ern Shoshone versions of the myth. The etiological myths of these 12 regional

groups, then, can be viewed as symbohcahy suggesting that success at simple hunting alone was insufficient to estabhsh virihty and to insure success as an adult member of the aboriginal community, in terms of the abhity to produce offspring. In a general sense, an extra degree of cunning was required of the male. Among the Shoshone of east-central Califomia and southwest and south-central Nevada, the hunting of the bighom sheep served symbohcahy as an indication of this cunning. In the myths it is literally only after Coyote had kihed a bighorn sheep that his relationship with the young woman could be consummated, and only because of his success at hunting the bighorn sheep that he estab­hshed his virhity, in distinction to those previous suitors whose attempts led to their demise. Thus, the bighorn sheep can be viewed as an important male symbol amongst the Western Shoshone, serving in a general sense as a mark of both sexual and hunting prowess.*


The rock art of the Coso Range is characterized by an unusual concentration of bighorn sheep figures, occasionally in associa­tion with human hunters, as well as large anthropomorphic petroglyphs and a variety of other element types. It is the emphasis on the bighom sheep motifs, along with the depic­tions of hunters, atlatls, and shaman designs, that led Grant (1968) to hypothesize that the rock art was produced as part of a sheep-hunting cult. In fact, the depiction of both the atlatl and the bow and arrow caused Grant to suggest that the introduction of this last weapon (with its inferred increased hunt­ing efficiency) resulted in an overkilling of the sheep and the ultimate demise of the hunting cult. In this interpretation, a hunting cult can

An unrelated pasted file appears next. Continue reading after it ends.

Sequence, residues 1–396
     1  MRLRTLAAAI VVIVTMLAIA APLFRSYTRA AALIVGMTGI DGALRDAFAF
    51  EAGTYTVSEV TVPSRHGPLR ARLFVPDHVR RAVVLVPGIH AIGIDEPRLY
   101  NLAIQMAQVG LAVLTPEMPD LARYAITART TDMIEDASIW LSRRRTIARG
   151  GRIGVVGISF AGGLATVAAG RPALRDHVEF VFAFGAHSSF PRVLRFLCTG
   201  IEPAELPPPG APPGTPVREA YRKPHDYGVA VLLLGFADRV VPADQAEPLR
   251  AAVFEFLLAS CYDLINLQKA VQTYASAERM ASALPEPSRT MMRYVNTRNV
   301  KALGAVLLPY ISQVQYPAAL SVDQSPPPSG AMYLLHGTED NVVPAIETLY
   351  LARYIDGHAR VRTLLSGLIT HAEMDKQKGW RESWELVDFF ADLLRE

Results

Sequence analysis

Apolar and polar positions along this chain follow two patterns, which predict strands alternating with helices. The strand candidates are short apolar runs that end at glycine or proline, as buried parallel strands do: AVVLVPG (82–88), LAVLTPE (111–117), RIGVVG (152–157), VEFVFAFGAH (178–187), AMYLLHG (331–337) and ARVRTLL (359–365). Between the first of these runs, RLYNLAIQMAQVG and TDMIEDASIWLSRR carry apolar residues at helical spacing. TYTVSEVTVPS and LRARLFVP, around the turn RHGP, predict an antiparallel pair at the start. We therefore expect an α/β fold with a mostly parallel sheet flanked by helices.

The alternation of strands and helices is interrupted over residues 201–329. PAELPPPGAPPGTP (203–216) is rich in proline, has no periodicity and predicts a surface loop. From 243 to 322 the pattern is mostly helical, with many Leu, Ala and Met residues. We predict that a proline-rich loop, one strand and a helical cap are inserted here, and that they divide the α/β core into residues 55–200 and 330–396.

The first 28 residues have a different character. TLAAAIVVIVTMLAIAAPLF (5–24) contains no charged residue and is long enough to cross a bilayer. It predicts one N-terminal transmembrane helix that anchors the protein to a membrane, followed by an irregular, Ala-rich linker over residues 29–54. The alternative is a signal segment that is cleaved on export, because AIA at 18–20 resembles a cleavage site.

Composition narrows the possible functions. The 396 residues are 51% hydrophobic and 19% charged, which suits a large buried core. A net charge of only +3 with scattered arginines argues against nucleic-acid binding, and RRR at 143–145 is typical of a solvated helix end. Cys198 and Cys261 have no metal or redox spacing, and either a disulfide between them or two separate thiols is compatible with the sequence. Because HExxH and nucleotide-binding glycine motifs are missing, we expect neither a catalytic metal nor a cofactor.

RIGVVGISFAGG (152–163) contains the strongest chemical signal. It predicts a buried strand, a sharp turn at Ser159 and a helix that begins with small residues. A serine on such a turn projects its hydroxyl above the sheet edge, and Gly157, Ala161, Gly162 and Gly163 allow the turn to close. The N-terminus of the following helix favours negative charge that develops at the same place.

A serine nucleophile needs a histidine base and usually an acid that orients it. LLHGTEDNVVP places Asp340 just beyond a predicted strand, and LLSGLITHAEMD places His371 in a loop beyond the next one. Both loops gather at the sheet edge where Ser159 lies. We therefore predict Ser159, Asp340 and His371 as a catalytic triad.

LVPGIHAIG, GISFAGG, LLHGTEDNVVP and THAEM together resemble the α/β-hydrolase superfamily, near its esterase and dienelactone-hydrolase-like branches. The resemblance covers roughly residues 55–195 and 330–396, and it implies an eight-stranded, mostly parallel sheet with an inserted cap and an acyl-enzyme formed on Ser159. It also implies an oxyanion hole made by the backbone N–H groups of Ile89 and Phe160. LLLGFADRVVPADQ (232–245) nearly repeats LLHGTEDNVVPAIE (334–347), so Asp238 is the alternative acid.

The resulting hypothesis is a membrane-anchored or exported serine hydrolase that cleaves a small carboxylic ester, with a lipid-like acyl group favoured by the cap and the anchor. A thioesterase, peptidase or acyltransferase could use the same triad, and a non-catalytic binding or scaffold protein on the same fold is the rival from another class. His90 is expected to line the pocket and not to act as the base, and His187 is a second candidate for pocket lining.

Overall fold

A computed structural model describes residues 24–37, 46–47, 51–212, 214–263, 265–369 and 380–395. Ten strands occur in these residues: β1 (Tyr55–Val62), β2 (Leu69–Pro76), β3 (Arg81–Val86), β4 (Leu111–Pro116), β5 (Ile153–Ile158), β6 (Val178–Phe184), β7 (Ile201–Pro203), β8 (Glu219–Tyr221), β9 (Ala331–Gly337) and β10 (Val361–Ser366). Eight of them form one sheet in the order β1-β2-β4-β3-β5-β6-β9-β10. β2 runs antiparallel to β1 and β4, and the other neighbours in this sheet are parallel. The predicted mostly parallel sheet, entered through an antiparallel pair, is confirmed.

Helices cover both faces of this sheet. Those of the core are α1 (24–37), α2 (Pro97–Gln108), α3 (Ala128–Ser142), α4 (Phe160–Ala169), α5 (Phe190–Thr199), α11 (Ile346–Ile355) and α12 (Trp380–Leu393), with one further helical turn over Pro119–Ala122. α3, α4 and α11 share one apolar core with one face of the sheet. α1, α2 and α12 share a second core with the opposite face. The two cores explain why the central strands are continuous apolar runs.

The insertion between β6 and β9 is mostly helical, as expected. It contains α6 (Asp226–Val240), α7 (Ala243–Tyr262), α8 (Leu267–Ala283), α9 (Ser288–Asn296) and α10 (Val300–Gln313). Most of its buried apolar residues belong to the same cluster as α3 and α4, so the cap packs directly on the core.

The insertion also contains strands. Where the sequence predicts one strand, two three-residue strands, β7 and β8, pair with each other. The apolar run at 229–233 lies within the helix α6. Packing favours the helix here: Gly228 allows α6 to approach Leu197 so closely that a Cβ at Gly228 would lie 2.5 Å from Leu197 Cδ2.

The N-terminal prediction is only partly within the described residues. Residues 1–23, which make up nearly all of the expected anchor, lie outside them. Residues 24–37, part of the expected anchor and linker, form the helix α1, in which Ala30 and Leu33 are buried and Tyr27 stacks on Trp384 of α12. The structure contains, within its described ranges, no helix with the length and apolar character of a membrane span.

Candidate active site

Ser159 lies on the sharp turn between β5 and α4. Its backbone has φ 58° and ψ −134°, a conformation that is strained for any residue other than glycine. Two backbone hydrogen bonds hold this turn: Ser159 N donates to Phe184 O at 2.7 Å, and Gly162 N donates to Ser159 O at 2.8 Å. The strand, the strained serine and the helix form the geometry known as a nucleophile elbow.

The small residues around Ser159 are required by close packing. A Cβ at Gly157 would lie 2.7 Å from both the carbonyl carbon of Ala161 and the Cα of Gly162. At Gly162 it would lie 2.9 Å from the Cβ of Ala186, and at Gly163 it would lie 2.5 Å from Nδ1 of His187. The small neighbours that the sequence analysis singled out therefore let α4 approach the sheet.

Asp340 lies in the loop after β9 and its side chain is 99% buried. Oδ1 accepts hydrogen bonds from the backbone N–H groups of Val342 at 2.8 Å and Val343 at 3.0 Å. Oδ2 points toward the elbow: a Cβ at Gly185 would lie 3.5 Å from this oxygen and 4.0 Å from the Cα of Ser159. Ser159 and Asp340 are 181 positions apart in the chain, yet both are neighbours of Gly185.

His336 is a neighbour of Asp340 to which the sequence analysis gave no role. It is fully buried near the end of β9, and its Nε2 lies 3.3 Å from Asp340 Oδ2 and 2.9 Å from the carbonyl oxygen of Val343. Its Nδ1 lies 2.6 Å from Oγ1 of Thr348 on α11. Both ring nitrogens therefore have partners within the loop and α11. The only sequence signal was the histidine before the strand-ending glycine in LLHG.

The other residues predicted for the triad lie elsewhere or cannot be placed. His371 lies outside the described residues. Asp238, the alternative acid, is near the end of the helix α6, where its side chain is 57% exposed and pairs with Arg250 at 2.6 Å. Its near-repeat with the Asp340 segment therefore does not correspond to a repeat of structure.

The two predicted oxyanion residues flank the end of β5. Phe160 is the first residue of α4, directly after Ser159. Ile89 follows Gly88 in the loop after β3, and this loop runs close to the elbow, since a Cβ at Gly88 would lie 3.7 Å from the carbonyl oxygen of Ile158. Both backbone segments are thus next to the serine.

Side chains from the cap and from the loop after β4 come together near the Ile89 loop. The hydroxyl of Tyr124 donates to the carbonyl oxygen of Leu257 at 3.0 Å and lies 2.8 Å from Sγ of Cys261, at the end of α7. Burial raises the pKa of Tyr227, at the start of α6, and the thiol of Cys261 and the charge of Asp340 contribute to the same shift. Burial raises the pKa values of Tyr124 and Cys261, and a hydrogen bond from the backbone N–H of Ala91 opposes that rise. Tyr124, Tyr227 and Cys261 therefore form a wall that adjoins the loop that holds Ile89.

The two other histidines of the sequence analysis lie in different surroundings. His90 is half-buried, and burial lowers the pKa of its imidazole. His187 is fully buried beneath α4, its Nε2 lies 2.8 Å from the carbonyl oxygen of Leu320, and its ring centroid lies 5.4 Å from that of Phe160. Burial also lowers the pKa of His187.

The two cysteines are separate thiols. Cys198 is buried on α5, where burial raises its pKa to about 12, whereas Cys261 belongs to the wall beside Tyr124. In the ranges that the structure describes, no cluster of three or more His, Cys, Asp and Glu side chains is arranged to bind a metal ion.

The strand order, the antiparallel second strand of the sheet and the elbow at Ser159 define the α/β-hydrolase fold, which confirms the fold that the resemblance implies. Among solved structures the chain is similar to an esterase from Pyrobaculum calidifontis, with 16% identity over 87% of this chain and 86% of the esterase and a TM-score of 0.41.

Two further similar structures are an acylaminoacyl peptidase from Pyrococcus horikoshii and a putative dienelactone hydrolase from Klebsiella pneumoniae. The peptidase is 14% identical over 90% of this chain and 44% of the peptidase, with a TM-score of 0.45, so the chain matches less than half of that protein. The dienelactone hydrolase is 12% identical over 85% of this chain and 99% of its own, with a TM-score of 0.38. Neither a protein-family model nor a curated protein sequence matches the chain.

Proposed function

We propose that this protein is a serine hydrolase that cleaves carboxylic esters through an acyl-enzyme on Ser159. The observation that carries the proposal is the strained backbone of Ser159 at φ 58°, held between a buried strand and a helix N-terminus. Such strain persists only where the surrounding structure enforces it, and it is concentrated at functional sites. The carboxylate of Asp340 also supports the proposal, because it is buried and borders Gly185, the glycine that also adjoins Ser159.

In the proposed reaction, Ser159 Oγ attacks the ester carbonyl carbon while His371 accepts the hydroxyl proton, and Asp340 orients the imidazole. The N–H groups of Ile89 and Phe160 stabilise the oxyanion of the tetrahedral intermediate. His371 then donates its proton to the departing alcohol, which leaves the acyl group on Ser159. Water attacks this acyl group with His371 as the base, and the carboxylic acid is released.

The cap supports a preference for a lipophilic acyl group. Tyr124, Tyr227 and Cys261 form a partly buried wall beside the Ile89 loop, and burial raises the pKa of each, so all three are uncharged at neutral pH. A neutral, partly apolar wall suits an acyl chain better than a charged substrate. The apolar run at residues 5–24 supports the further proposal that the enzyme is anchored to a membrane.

Page 6: Notes on the Coso Petroglyphs, the Etiological Mythology


be presumed to mean a formalized religious complex with specific attendant rituals and esoteric paraphernalia.

The origin myth discussed above provides a clear indication of the underlying symbolic meaning of this animal as a concept. The application of this interpretation to the Coso bighorn sheep petroglyphs lies on strong theoretical grounds in terms of either a structuralist or a psychoanalytical approach to ethnic art. Additionally, the close corres­pondence between the distribution of groups having the specific origin myth in question and the major concentration of Great Basin Representational Style rock art sites (see Wellman 1979: Map 5), as well as the contin­uity in the use of the bighorn sheep as a rock art symbol into the historic period argue for a congruence between the symbol as expressed in the myth and in the rock art.